“Today’s technology, through the use of constant-pressure systems, offers consistency and reliability in water delivery with lower energy costs,” he says. “‘Smart pumping’ technology has given hydronic contractors more savvy equipment that can provide more consistent, comfortable temperatures at a lower cost.”
Teach agrees: “Homeowners experience not only the best value at operating cost, but one that is easier to set up, understand and operate. Depending upon where a homeowner might be located, the interest in efficiency can vary but certainly with electrical costs there is an increased level of interest in saving as much as you can.”
He points out one entity in particular that is drawing a strong interest to new technology and high-efficiency products — electric utilities. Because their business model is predicated on growth, they have a very high interest in seeing all building types and all users of pumps install high-efficiency pumps. Utilities don’t want to build new power plants, as it is neither cost-effective nor environmentally desirable. Their interest and their best form of capital investment is to invest in high-efficiency products.
“They will often rebate high-efficiency products to the point where it makes it very effective for contractors to install them to the benefit of the end users,” Teach says.
With all the different available pumps, training can be a very useful and sometimes necessary tool for contractors. There are many different ways a company can train its employees, including classroom and hands-on training, webinars, industry events, online courses and how-to videos.
Huntebrinker notes that Zoeller provides factory training for its reps, wholesalers and contractors several times a year at its training facility in Louisville, Ky., which includes classroom lectures, hands-on training with products and a comprehensive plant tour.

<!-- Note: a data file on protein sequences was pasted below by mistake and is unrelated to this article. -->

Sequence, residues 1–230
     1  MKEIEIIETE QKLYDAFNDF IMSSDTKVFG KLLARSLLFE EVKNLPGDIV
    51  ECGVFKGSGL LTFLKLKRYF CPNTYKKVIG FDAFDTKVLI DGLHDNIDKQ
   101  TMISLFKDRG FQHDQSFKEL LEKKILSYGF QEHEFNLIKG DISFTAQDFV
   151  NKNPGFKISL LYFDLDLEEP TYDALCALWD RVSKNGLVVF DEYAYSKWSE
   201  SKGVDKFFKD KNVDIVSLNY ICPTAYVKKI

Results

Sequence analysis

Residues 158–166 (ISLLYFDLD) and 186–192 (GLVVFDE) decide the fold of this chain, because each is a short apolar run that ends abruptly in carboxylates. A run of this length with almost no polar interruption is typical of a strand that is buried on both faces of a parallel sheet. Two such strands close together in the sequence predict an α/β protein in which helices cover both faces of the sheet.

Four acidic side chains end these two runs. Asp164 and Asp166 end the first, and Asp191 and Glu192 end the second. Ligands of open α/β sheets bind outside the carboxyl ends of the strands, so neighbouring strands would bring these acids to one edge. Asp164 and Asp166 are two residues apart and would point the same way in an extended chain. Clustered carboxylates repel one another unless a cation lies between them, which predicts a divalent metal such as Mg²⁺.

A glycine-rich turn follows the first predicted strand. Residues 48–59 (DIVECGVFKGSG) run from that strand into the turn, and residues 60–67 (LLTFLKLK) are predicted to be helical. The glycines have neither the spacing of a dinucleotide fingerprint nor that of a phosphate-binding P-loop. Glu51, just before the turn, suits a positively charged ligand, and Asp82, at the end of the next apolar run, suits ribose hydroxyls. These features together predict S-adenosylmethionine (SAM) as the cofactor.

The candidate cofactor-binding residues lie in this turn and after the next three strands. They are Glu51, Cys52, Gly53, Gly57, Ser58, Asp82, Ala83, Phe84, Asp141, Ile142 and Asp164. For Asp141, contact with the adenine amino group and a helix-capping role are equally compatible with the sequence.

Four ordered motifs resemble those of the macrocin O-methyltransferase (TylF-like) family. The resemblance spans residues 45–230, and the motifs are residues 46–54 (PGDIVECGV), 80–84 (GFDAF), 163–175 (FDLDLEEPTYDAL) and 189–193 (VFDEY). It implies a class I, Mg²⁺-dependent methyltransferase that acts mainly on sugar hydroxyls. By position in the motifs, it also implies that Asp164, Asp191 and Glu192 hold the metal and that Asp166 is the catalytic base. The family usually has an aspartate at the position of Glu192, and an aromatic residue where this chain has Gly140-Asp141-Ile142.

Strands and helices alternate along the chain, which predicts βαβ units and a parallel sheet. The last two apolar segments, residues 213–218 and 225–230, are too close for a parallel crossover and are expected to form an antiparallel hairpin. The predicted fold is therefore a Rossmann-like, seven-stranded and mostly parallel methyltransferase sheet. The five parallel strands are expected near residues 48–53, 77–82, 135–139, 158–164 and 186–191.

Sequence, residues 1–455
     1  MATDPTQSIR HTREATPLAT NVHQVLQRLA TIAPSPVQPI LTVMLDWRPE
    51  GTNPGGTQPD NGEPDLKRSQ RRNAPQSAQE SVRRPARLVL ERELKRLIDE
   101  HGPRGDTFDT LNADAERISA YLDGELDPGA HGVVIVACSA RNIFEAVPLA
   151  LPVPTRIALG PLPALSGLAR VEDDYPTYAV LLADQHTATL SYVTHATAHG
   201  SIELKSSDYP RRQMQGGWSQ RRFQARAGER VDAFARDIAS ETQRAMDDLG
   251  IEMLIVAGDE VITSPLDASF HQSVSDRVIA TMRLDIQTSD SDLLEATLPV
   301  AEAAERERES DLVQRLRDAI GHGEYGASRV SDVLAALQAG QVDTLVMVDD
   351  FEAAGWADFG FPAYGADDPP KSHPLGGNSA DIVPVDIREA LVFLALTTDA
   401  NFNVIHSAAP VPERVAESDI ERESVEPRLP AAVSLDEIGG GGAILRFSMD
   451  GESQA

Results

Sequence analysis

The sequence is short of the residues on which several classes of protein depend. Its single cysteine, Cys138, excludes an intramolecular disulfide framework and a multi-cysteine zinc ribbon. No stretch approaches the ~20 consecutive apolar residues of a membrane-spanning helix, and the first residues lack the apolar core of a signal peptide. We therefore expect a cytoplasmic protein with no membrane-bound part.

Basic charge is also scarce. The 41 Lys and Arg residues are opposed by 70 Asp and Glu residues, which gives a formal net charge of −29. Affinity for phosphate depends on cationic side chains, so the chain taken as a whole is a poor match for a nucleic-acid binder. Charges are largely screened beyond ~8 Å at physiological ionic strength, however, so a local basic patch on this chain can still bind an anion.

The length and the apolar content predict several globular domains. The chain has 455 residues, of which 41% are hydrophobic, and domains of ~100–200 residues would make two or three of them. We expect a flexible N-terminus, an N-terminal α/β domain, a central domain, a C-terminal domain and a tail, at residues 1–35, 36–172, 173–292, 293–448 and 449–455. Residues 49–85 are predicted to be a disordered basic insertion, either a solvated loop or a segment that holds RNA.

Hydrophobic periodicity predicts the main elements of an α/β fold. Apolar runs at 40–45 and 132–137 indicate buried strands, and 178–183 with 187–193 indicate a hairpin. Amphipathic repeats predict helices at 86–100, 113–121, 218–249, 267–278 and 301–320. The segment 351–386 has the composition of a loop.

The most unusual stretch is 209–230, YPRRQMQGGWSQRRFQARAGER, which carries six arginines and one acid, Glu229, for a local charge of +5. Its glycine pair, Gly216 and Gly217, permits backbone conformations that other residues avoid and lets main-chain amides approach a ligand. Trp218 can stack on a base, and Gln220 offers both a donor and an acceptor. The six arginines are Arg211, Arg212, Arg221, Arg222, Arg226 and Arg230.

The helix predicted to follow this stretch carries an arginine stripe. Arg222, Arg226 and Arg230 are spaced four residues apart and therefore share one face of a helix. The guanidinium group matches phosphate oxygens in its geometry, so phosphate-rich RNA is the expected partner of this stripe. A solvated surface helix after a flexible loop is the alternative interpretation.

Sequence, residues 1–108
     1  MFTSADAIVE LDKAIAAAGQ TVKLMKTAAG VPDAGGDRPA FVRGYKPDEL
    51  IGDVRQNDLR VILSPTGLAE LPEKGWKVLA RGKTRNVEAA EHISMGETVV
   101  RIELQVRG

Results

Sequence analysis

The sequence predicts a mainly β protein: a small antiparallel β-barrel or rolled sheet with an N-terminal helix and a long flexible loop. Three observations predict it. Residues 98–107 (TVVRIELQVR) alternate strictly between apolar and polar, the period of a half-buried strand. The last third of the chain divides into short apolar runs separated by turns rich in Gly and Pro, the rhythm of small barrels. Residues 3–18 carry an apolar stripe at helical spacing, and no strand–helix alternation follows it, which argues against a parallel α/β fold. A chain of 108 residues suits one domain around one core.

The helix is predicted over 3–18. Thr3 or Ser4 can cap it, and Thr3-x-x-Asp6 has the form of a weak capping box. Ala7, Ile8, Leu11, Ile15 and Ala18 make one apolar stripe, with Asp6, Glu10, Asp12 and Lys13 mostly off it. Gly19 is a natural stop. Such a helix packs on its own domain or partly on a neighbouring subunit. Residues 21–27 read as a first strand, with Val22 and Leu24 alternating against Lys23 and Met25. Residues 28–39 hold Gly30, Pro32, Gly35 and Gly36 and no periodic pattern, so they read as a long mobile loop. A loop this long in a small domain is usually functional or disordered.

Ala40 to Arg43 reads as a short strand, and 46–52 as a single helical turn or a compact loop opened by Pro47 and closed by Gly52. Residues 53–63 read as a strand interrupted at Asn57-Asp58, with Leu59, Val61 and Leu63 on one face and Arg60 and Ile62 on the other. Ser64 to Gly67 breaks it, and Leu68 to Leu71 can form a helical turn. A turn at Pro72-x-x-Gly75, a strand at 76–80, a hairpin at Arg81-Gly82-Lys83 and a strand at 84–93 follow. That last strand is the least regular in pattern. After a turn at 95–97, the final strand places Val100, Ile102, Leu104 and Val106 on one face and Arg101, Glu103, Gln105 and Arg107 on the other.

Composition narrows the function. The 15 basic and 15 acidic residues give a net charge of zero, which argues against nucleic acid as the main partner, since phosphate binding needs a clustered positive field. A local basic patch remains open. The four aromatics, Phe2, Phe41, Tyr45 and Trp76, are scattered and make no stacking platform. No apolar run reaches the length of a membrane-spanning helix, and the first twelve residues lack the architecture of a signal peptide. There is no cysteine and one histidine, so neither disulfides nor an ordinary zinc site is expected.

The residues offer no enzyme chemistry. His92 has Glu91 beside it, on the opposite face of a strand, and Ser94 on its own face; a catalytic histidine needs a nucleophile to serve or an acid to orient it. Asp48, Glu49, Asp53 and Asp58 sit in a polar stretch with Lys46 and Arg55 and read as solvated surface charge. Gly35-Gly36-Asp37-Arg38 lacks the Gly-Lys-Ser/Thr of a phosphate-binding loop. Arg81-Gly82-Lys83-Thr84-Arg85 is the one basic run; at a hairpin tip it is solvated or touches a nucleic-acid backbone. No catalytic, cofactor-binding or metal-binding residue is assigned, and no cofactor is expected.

Taco provides training at its factory as well as in the field and online. “We routinely go into the market to hold remote training sessions in conjunction with manufacturers reps, often at their location, or hosted by a wholesaler,” Fina says. The company also conducts training at its new Innovation and Development Center, which includes classroom spaces, conference rooms, a business center and functional labs for testing and teaching.
Franklin Electric offers monthly training to contractors through Franklin Tech at its Wilburton, Okla., and Grant County, Ind., facilities, says Kyle Lanier, portfolio manager at Franklin. Training also is provided at customer sites through its Mobile Training Facilities equipped with its products. In many states, the company offers eight-hour seminars in which students learn how the systems work and specifics on troubleshooting.
Grundfos has two- to three-day training activities as well as traditional lunch-and-learns at its facilities or wholesale locations. Webinars cover topic-specific items and new product introductions. In addition, the Grundfos Ecadamy was just announced at the AHR Expo in New York City this year.
“We are trying to put together a venue of training opportunities that suits the needs of the contractor community,” Teach says. “Not everyone can travel so we want to provide core elements of the training to a contractor who desires to further himself, his awareness and his education of the latest technology.”